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Differences Between Bulgur, Semolina, and Spelt

Beverley Byer has been writing professionally for a number of years. Her work has been published in magazines and newspapers.

Bulgur, semolina, and spelt are three different types of wheat. How do these grains differ historically and nutritionally from each other? What about food preparation? This article answers those questions.

Bulgur

Bulgur

History

Bulgur

Bulgur originated some 4,000 years ago in the Mediterranean. Then, as now, it was a staple in Middle Eastern cuisine. It became equally important to the Chinese after they discovered it about 3,000 years ago. Bulgur—also known as bulghur, burghul, bulgar, and arisah (the Biblical name)—is made from durum wheat. It is considered to be a whole grain because the bran (skin), endosperm (food supply for the emerging plant), and germ (emerging plant) are usually left intact in processing. The processing involves parboiling or steaming; after which the grain is dried, cracked, sieved, and parceled into coarse, medium, or fine. Bulgur is often sold incorrectly as cracked wheat. True cracked wheat is uncooked, whereas bulgur is cooked.

Semolina

Semolina originated in the Southern Mediterranean about 7,000 years ago as emmer wheat. Emmer is actually the precursor of durum. The word semola, from which semolina is derived, is Italian for flour. Semolina is processed primarily from the endosperm of durum wheat, so the flour remains somewhat coarse, unless it is ground more than once into finer flour. It is identified by its yellowish hue. In the United States, durum wheat grows mainly in North Dakota.

Spelt

Spelt is another wheat derivative, but it is considered more grain-type than wheat-type. Its biological name, Triticum aestivum var. spelta, is often included in articles written about it. Spelt originated in Iran about 7,000 years ago—and like bulgur, it too is mentioned in the Bible. Southeastern Europeans discovered it 300 years ago, and it became a staple of Greek, Roman, and later Austrian, German, and Swiss cuisines. Spelt reached U.S. shores in the late 19th century, but real cultivation began in the 20th century. It is mostly grown in Ohio.

Couscous

Couscous

Nutritional Value, Health Benefits, and Side Effects

Bulgur

Bulgur is rich in fiber, protein, phenols, vitamins thiamine (B-1), pyridoxine (B-6), and folic acid (B-9), minerals iron, manganese, magnesium, phosphorus, and zinc. It is low in fat, cholesterol, and carbohydrates. It aids our digestion, supports weight control by making us feel full, has anti-inflammatory properties, can prevent diverticulitis, and the development of gallstones. With its low glycemic index, it can also stabilize blood sugar, so it is suitable food for Type 2 diabetics. Since bulgur contains gluten, it may be harmful to those who are allergic. It could cause vomiting, diarrhea, headaches, celiac disease, bloating, and irritable bowel syndrome (IBS).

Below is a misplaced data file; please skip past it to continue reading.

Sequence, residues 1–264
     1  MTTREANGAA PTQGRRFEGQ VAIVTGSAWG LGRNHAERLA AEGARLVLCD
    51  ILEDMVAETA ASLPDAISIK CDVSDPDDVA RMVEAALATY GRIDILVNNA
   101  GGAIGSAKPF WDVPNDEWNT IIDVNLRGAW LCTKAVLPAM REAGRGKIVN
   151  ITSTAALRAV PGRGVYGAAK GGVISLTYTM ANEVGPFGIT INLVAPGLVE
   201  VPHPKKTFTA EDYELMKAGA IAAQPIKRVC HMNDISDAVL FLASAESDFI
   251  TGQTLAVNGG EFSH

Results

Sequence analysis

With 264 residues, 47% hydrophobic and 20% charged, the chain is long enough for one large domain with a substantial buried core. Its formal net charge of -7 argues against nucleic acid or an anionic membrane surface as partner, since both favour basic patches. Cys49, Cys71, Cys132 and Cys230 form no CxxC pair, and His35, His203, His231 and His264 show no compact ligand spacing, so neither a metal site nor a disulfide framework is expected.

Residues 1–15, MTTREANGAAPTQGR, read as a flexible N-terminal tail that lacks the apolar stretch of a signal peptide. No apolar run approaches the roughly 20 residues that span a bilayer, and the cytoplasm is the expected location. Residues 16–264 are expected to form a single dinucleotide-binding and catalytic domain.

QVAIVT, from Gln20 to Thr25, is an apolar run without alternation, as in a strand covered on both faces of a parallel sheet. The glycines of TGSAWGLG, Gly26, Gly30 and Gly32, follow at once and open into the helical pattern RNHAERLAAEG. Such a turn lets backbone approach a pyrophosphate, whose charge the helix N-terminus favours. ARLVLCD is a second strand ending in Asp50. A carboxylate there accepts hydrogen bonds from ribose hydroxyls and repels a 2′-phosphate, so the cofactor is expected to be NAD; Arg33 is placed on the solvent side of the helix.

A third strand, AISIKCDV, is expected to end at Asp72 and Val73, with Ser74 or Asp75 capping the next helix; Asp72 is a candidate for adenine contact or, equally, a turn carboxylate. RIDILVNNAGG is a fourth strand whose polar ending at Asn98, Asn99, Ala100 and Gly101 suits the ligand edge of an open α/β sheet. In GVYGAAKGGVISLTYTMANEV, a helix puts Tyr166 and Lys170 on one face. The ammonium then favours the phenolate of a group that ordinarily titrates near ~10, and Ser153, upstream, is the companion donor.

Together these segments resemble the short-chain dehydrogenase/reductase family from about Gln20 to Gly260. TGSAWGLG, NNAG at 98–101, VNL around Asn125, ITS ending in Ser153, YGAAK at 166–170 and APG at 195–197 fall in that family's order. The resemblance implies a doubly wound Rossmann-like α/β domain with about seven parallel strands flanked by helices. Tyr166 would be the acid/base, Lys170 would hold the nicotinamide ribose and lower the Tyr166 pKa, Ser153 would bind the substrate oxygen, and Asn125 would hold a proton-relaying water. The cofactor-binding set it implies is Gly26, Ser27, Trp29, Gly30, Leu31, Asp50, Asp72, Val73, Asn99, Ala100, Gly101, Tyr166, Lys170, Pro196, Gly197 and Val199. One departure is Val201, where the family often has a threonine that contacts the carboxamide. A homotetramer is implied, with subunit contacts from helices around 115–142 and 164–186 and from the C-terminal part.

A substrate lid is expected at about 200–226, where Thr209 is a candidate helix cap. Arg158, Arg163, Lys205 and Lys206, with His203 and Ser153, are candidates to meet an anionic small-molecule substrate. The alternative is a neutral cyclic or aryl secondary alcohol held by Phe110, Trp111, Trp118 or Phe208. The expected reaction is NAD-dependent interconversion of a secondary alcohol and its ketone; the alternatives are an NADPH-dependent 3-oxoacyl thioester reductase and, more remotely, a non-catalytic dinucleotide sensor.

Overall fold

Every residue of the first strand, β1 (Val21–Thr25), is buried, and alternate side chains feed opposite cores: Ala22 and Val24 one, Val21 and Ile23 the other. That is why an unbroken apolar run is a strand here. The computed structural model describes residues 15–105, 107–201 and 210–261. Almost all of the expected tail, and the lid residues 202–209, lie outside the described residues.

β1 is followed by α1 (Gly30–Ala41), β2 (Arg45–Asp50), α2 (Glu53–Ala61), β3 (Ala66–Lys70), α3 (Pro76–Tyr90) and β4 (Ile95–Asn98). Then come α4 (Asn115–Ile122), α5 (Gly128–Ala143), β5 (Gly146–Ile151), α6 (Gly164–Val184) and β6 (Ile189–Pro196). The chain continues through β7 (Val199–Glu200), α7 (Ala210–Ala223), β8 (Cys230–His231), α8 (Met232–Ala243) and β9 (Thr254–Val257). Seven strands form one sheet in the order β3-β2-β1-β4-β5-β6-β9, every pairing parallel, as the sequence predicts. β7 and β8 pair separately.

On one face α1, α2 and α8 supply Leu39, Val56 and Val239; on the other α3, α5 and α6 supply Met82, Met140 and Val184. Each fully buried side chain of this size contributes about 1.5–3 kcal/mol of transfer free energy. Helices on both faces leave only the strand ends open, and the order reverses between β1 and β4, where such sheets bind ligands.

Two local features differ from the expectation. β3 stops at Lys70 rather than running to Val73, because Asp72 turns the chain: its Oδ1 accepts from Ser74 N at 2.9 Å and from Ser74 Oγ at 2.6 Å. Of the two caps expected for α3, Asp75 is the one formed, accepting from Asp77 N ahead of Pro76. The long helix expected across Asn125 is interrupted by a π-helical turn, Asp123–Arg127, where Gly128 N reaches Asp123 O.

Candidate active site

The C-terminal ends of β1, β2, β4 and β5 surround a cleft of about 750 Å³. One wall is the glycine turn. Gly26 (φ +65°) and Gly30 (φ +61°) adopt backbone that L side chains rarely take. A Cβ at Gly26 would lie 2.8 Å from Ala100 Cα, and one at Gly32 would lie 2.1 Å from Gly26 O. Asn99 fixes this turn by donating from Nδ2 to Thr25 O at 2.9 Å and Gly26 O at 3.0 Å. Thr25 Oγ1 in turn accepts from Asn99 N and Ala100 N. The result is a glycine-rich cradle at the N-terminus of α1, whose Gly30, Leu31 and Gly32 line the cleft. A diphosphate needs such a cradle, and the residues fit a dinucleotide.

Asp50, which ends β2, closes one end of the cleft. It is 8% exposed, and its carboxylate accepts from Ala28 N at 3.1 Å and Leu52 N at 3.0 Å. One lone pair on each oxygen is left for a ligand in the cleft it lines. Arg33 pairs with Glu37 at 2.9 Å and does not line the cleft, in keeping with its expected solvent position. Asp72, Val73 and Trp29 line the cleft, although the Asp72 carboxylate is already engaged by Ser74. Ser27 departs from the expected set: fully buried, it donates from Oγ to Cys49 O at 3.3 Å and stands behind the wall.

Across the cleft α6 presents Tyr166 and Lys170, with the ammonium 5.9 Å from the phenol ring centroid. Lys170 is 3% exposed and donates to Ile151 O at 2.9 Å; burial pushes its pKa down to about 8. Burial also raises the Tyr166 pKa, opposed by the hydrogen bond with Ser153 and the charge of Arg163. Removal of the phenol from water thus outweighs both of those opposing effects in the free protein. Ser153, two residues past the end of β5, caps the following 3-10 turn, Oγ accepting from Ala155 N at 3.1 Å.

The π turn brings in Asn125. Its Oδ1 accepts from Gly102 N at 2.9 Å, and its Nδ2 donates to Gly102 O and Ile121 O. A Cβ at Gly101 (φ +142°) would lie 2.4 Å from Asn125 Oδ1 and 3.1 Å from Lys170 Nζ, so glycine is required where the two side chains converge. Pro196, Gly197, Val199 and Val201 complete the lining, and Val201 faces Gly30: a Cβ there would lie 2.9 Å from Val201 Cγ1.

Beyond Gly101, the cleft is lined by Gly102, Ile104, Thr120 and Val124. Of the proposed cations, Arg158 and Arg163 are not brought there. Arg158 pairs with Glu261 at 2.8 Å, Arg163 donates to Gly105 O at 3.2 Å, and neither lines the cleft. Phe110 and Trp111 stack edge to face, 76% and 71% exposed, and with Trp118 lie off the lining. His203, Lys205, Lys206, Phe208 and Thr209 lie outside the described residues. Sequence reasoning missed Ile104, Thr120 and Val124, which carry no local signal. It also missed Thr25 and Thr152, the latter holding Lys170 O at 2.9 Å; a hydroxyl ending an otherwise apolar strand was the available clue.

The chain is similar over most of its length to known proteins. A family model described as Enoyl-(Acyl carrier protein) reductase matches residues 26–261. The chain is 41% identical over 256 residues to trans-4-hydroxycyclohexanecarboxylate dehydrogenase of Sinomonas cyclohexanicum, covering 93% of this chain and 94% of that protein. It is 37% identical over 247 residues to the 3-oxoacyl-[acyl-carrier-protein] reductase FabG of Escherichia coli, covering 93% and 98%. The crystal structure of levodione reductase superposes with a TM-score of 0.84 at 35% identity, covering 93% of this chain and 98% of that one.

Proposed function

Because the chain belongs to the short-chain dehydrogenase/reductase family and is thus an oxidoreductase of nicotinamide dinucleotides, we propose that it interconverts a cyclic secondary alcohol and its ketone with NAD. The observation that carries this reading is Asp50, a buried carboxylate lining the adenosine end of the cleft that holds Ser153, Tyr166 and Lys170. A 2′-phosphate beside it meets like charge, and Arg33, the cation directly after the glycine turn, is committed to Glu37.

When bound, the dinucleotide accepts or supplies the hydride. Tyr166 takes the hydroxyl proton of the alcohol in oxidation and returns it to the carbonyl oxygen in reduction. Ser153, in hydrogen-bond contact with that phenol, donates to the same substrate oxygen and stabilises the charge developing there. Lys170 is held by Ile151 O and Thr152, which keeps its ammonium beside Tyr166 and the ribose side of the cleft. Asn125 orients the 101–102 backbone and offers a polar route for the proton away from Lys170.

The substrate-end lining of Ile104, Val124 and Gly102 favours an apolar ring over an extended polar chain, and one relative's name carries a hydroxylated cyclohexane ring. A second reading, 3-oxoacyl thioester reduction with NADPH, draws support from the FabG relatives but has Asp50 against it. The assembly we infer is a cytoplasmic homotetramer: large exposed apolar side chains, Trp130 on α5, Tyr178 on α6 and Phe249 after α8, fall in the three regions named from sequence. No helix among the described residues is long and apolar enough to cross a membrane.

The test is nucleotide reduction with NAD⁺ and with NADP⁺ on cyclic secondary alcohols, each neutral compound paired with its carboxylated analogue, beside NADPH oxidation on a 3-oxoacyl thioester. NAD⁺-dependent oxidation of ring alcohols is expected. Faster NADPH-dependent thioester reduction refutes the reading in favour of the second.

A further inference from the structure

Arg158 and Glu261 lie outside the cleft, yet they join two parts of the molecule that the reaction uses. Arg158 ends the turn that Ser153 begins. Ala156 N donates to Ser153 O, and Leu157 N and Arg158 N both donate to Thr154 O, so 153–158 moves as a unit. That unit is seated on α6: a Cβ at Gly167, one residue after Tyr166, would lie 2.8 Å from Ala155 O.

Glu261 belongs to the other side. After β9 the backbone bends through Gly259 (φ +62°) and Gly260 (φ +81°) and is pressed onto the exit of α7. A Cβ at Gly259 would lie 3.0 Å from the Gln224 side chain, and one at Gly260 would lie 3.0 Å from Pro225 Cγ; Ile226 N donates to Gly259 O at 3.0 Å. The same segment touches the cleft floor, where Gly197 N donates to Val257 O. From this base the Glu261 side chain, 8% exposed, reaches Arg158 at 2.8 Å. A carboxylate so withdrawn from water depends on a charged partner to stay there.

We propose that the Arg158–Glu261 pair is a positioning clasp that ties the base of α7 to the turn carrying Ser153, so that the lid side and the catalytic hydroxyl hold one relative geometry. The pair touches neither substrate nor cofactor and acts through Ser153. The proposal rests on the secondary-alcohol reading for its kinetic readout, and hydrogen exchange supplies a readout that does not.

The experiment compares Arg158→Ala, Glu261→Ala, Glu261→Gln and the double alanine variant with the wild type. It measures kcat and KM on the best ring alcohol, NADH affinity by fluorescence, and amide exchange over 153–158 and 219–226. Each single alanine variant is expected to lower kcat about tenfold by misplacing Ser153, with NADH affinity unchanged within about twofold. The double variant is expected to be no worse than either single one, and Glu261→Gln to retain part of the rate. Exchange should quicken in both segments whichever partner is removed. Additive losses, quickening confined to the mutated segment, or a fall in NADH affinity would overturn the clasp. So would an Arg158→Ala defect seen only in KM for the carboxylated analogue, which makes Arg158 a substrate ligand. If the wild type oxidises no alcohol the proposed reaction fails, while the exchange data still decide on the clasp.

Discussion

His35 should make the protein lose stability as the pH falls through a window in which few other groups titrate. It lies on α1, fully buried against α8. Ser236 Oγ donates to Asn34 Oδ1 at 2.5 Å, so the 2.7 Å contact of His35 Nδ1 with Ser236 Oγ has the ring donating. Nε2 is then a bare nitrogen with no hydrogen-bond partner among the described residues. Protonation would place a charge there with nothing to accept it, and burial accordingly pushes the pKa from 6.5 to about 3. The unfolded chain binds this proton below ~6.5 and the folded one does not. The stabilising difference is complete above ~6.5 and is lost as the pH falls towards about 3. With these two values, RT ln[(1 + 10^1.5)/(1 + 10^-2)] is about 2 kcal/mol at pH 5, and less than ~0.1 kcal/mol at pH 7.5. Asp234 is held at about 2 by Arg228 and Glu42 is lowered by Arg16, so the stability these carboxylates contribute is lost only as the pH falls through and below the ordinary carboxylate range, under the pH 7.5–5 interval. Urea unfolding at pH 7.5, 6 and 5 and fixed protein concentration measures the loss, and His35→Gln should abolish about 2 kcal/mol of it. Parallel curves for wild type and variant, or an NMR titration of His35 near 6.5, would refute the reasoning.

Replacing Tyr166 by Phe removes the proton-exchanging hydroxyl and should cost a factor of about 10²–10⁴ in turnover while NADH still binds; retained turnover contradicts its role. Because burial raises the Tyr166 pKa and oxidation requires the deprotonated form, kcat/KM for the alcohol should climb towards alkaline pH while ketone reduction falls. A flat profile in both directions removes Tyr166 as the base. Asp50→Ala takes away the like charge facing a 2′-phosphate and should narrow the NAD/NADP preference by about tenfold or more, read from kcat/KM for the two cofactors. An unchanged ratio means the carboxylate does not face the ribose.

Semolina

Semolina is loaded with fiber, protein, vitamins B-1, niacin (B-3), and B-9, minerals magnesium, phosphorus, iron, potassium, calcium, and selenium, and the antioxidant beta-carotene. It is low in fat, cholesterol, and carbohydrates. As such semolina is a good food for weight control, digestive concerns, diabetes, and certain cancers. Studies have shown that it may even protect the immune system, the nervous system, and support the development of strong bones and muscles. Its gluten content is high, so it may not be the ideal choice for those who are allergic.

Spelt

Spelt is high in fiber, protein, vitamins B-3 and E, minerals iron, manganese, magnesium, phosphorus, zinc, calcium, selenium, and copper. It is low in fat, cholesterol, and carbohydrates. It helps to prevent or reduce cardiovascular diseases, especially in pre-menopausal women [Source: American Heart Journal], reduce high blood pressure, lower LDL (low-density lipoprotein) cholesterol, and as with bulgur and semolina, protect against certain cancers (breast, especially) and Type 2 diabetes. Spelt also contains some gluten.

Spelt bread

Spelt bread

Food Preparation

Bulgur

Bulgur’s rich nuttiness is favored in many recipes: Middle Eastern dishes such as falafel, tabouli/ tabbouleh, and rice pilaf. It can be used as a substitute for potato or rice, depending on grain size, and it is good in soups, salads, chili, mixed with meat for a more solid hamburger, meatloaf or meatballs, and in desserts.

Semolina

Semolina’s hard texture works perfectly for making various pasta shapes, couscous, gnocchi, pizza dough, and breads. It is also good for making porridge as Cream of Wheat, cereals, puddings, gravy or stew thickener.

Spelt

Spelt, too, has a bit of a nutty flavor, and it can be substituted for potato, rice, or used to make pastas, breads, muffins, and other baked goods. It can also be added to cereals and salads. Spelt is sometimes used as animal feed, as well. The grain is available whole, hulled, or as flour.

Bulgur, semolina, and spelt can be purchased in health food stores and most local supermarkets in their various forms or grain sizes. Bulgur has a long shelf-life. Spelt tends to last longer when refrigerated.

© 2013 Beverley Byer

Comments

Beverley Byer (author) from United States of America on June 25, 2020:

You're welcome!

wendy on June 25, 2020:

thanx for the information

Beverley Byer (author) from United States of America on October 11, 2015:

Thank you!

Auntie Annie on October 11, 2015:

Thank you, this is a good article.